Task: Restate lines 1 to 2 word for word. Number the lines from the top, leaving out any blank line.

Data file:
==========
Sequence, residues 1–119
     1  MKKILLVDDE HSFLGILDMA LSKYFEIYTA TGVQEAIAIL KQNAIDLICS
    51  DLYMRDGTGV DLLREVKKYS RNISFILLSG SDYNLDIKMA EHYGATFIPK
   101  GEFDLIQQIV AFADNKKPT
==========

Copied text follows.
Sequence, residues 1–119
     1  MKKILLVDDE HSFLGILDMA LSKYFEIYTA TGVQEAIAIL KQNAIDLICS